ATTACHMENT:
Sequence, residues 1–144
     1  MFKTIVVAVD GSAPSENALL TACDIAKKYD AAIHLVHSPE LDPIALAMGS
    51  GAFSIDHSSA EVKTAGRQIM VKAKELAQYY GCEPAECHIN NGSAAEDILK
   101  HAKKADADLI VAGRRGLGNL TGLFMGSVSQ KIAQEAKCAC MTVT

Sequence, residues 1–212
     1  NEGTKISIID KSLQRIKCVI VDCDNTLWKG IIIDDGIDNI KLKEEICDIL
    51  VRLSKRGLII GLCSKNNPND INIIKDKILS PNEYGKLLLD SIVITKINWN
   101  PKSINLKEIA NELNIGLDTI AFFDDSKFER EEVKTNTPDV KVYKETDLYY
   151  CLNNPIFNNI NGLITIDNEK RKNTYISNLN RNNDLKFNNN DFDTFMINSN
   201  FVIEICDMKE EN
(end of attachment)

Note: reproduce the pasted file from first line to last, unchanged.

Sequence, residues 1–144
     1  MFKTIVVAVD GSAPSENALL TACDIAKKYD AAIHLVHSPE LDPIALAMGS
    51  GAFSIDHSSA EVKTAGRQIM VKAKELAQYY GCEPAECHIN NGSAAEDILK
   101  HAKKADADLI VAGRRGLGNL TGLFMGSVSQ KIAQEAKCAC MTVT

Sequence, residues 1–212
     1  NEGTKISIID KSLQRIKCVI VDCDNTLWKG IIIDDGIDNI KLKEEICDIL
    51  VRLSKRGLII GLCSKNNPND INIIKDKILS PNEYGKLLLD SIVITKINWN
   101  PKSINLKEIA NELNIGLDTI AFFDDSKFER EEVKTNTPDV KVYKETDLYY
   151  CLNNPIFNNI NGLITIDNEK RKNTYISNLN RNNDLKFNNN DFDTFMINSN
   201  FVIEICDMKE EN